So, while moles do not technically hibernate, they do enter a state of reduced activity during the winter months. This helps them to survive on limited food resources until spring arrives and conditions improve.

Vole Vs. Mole: Key Differences

Voles and moles are both small, burrowing animals that can cause damage to your lawn or garden. But here are some key differences that can help you tell them apart:

vole at entrance to burrow


Moles are generally larger than voles, with adults reaching lengths of up to 9 inches (23 cm). Voles, on the other hand, only grow to be about 4-7 inches (10-17 cm) long.

Tail Length

Another way to tell these two animals apart—looking at their tails. Moles have much shorter tails than voles, with the longest measuring just 2 inches (5 cm). Vole tails, on the other hand, can be up to 4 inches (10 cm) long.


Moles are mainly insectivores, meaning that they eat mostly insects. Voles, however, are herbivores and primarily feed on plants.

Burrowing Behaviour

One of the most marked ways to tell moles and voles apart is their burrowing behavior. Moles tunnel underground, creating long, winding tunnels in their search for food.

On the other hand, Voles create shallower burrows with surface runways connecting different areas of their territory.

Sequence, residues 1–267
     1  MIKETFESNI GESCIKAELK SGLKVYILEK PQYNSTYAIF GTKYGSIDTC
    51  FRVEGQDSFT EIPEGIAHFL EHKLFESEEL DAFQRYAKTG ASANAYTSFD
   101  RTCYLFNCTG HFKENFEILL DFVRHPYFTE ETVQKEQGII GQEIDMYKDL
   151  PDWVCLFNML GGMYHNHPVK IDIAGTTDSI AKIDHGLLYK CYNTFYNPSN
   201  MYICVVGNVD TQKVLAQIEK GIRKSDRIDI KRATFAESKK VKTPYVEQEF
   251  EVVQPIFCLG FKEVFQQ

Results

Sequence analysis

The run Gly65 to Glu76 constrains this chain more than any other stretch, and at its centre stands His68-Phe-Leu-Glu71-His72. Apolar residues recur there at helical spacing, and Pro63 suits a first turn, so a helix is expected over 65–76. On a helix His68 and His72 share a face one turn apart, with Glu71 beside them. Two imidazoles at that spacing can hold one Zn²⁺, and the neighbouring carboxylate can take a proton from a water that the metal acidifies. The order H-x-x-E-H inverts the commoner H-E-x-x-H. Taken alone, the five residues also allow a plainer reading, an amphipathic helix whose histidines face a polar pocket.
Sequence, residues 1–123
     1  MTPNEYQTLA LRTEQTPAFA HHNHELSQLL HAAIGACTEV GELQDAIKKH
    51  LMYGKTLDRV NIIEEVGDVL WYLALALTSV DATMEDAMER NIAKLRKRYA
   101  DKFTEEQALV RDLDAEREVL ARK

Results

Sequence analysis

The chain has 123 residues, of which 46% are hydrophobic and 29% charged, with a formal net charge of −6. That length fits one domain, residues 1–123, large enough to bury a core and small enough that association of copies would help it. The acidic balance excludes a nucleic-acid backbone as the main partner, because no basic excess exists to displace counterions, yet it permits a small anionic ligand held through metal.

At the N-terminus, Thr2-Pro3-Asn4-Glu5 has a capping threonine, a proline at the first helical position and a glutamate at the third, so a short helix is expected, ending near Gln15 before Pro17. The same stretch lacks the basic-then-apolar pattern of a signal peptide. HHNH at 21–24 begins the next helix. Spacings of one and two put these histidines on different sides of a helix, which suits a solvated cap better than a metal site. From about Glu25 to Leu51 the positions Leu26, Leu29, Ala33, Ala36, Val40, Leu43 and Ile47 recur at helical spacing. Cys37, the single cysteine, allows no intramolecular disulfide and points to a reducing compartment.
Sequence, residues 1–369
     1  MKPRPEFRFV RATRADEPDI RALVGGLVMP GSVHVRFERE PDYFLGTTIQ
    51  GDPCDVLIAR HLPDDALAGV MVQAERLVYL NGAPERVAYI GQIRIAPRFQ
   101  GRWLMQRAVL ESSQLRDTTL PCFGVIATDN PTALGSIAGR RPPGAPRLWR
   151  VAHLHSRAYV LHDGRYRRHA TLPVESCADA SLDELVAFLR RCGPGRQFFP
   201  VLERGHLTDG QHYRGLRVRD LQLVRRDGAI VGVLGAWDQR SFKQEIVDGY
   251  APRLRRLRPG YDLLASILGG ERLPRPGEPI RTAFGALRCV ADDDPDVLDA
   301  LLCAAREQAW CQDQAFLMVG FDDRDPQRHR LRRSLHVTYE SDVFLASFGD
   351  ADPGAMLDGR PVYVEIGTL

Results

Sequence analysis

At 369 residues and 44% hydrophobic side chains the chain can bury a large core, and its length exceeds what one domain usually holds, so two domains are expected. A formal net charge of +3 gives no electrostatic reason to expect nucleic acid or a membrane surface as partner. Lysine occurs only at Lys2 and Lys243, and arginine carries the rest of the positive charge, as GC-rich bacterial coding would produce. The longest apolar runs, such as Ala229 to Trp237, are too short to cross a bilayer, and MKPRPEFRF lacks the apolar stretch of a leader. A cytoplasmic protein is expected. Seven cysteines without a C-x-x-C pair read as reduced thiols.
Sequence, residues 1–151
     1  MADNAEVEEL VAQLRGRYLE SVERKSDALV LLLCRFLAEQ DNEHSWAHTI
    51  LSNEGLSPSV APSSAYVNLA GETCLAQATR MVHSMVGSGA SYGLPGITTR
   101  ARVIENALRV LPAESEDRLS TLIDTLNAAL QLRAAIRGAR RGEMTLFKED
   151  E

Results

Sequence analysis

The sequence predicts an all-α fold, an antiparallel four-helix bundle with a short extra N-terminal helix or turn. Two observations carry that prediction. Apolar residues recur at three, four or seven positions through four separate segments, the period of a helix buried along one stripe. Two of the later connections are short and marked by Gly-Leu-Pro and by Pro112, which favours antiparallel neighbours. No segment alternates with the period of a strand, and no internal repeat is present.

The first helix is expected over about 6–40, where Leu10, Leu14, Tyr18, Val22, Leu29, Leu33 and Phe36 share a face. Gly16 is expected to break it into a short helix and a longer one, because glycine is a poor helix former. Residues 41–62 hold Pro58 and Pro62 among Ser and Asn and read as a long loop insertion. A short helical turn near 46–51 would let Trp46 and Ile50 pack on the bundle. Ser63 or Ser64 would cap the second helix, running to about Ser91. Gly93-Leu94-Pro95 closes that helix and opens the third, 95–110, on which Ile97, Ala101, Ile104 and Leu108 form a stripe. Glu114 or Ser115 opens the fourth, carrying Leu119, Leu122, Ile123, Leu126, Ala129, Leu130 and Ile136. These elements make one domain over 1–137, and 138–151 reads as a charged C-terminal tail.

Shrew Vs. Mole: Key Differences

Both moles and shrews are both small, burrowing mammals that can be found in gardens and fields across North America. They are quite often mistaken for one another, but these two creatures have several key differences.

shrew on a stone

Body Size

Shrews are much smaller than moles, with a body length of only 3-4 inches. They also have a longer snout and narrow and pointed tails.


Shrews are very active during the day, while moles are primarily active at night.


Moles tunnel through the ground in search of food, while shrews only dig small burrows to live in. Moles eat insects and grubs, while shrews primarily eat insects and other small animals.


Erika is a Denver, CO native. She graduated top of her class with a Bachelor of Science in Veterinary Bioscience. She’s passionate about the protection of wildlife and humane management of varmints. On this blog, Erika shares in-depth tips on everything varmints from guides, and removal, to detection and prevention.

Recent Posts